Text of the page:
To tell matcont that we want to integrate the system, i.e. to numerically solve the initial valueproblem for it, we have to specify the type of the initial point and the type of the curve tocompute. To select the initial point type, input Type|Initial point|Point, which means thatthe initial point has no special properties. To select the curve type, input Type|Curve|Orbit3.The information fields in the MatCont main window will reflect the selections, and two morewindows appear. These are the corresponding Starter and Integrator windows. Move them, ifnecessary, to make both visible.

4 Setting initial data for integration

The Starter window is curve-dependent and is used here to specify initial data for the integration.Let us input the following initial coordinate and parameter values:

X -5.0

Y 5.0

Z 10.0

AA 0.0

BB 0.4

CC 4.5

(see Figure 3).We will use the default numerical parameters of the integrator, except of the Interval. Input

in the Integrator window:

Interval 100

to get Figure 4. Check that the default method of integration is ode45. You can inspect availablemethods by clicking the Method menu button.

3Actually, it is default.

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Figure 3: Starter window for integration.

Figure 4: Integrator window.

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5 3D visualization

To visualize the orbits, we have to open at least one more window and setup plotting attributes.

5.1 3D graphic window

In the main MatCont window, select Window|Graphic|3Dplot . The first 3Dplot windowappears.

3Dplot windows are used to represent solution curves by their projections to 3-dimensionalspaces endowed with right-handed rectangular Cartesian coordinate systems. 3D space is specifiedby three variables whose values are plotted along axes. Visible part of the space is given byminimum and maximum values for each axis. By default, the visibility limits are from 0 to 1 forall axes.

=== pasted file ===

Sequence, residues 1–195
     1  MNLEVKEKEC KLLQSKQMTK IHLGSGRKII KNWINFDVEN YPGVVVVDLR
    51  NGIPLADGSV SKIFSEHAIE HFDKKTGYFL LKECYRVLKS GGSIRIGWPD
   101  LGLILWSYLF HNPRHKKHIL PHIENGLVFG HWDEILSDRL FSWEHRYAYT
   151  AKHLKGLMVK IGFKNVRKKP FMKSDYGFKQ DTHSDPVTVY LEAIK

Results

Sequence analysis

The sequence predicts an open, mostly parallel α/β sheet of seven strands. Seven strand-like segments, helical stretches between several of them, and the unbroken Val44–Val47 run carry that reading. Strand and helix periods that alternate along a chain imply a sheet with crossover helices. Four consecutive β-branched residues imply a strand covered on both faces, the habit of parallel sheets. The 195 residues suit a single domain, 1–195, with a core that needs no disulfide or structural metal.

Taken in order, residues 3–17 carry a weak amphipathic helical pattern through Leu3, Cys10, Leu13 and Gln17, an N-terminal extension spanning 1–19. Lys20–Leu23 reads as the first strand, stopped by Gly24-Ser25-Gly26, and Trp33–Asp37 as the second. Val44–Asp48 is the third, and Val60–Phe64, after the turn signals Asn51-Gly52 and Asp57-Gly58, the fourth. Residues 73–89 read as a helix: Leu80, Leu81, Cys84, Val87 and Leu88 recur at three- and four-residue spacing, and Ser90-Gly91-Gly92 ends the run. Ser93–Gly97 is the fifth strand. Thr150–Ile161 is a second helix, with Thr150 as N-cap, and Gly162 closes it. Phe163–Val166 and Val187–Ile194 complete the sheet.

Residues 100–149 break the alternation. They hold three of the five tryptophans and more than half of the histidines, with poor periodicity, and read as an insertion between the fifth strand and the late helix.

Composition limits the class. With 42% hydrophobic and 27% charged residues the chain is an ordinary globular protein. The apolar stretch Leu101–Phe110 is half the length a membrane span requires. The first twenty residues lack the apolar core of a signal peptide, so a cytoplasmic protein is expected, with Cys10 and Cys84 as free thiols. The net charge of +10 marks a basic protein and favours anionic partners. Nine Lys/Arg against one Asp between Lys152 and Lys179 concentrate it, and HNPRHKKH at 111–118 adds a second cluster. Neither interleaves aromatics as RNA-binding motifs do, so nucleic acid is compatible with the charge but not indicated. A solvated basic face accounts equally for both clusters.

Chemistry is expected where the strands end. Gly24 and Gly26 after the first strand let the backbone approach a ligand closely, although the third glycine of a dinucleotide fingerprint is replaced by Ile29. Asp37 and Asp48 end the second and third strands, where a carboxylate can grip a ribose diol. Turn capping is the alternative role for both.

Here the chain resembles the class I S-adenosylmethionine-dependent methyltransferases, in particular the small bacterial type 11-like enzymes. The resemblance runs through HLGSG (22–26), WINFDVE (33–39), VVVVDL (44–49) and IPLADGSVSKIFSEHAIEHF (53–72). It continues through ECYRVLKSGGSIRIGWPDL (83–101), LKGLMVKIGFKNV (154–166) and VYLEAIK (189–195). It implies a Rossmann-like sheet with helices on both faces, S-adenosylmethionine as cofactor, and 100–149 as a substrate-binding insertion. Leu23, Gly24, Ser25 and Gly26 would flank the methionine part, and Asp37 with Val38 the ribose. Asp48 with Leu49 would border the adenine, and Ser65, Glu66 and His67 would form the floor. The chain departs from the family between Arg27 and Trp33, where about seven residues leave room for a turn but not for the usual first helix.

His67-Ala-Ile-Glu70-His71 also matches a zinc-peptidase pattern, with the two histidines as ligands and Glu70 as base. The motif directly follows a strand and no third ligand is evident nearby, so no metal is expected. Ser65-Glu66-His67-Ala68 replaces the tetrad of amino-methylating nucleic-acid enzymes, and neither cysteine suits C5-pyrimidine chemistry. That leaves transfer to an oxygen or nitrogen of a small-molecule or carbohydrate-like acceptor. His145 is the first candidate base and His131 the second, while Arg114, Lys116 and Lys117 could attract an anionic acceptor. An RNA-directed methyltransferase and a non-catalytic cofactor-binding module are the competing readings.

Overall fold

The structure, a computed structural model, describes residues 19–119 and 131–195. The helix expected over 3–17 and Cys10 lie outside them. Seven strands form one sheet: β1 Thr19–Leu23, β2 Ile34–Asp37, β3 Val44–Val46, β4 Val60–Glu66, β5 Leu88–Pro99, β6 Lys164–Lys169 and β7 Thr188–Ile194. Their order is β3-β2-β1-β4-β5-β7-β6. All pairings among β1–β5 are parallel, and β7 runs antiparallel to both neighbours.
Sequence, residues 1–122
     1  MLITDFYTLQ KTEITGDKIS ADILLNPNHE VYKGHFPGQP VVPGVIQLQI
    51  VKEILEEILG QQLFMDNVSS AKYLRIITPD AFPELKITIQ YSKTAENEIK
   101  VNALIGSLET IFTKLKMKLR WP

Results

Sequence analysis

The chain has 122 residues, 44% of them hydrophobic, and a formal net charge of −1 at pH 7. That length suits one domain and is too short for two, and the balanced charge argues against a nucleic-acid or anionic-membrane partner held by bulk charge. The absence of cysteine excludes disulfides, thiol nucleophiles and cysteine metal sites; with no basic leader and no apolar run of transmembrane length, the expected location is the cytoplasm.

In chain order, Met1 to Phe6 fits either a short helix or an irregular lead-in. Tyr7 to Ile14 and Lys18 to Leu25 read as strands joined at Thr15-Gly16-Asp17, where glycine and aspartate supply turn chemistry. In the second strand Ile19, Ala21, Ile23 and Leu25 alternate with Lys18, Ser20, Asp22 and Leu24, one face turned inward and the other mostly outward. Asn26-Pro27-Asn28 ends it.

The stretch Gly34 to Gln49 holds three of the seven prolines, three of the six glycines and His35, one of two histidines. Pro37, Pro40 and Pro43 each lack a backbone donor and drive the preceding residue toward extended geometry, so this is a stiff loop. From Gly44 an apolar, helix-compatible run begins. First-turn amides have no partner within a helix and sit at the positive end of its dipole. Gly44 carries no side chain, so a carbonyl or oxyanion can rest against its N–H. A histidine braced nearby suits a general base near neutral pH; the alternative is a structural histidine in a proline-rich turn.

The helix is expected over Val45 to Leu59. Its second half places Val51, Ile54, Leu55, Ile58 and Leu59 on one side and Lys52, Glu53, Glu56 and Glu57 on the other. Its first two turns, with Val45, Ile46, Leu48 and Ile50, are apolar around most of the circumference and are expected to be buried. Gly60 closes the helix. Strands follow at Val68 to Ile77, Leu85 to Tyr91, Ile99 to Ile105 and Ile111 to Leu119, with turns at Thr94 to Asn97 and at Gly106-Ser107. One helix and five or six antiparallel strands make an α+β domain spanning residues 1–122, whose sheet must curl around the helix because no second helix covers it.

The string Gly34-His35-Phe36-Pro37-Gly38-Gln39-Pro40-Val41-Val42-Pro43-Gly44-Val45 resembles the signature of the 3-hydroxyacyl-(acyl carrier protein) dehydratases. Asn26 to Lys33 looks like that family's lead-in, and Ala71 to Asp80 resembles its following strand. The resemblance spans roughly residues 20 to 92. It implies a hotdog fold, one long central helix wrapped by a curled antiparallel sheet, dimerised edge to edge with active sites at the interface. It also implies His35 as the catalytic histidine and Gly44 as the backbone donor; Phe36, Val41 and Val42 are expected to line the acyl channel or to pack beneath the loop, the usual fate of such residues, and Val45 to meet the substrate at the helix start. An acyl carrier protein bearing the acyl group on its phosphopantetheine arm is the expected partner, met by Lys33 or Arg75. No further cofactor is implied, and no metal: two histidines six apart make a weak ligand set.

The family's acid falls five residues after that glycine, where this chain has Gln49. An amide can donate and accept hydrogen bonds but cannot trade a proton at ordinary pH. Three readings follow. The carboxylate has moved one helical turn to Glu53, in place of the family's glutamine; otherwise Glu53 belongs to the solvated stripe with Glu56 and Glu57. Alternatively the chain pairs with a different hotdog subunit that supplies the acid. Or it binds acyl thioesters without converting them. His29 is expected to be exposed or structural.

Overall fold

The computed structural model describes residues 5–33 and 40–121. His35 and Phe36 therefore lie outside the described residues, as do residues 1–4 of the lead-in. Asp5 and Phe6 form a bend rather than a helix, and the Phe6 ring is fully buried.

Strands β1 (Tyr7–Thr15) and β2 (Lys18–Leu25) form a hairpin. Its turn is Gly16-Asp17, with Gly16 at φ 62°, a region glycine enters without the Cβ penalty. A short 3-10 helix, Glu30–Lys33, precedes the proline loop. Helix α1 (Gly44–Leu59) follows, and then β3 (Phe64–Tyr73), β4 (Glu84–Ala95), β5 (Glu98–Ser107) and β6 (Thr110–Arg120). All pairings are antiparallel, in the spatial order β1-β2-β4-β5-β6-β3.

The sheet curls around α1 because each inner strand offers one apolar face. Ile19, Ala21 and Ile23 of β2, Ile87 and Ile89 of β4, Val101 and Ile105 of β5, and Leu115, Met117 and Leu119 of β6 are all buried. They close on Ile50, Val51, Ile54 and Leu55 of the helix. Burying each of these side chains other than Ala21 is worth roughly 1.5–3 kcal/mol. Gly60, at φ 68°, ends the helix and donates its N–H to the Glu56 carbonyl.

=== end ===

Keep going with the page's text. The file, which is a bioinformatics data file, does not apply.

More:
5.2 Variables on axes

First, we need to choose the variables along the axes. This can be done by selecting the coordinatesX, Y, and Z in the Variables on axes window using the pull-down menus (see Figure 5). Click

Figure 5: Selecting variables along the axes.

OK to confirm the variable selection. The new names of the axes will become visible.This window is also accessible via the menu Layout|Variables on axes in the 3Dplot win-

dow.

5.3 Plotting region

To define the visibility limits along the axes, open the 3D Plotting region window by selectingLayout|Plotting region in the same 3Dplot window. Let us consider the region

8 x 8, 8 y 8, 1 z 10.

Thus type the visibility limits as in Figure 6 and close the window.The graphics window 3Dplot is updated automatically with the input.

6 Integrating orbits

Now we are ready to start numerical integration.

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Figure 6: Setting visibility limits.

6.1 Start computation

Input the Compute|Forward menu command in the main window to start integration. The com-putation can be paused/resumed/stopped by clicking the corresponding button in the appearingsmall control window shown in Figure 7. Also, you can interrupt the computation at any time bypressing Esc key on the keyboard.

Figure 7: Control window.

The integration will start and shortly after produces Figure 8. The orbit tends to a stableequilibrium.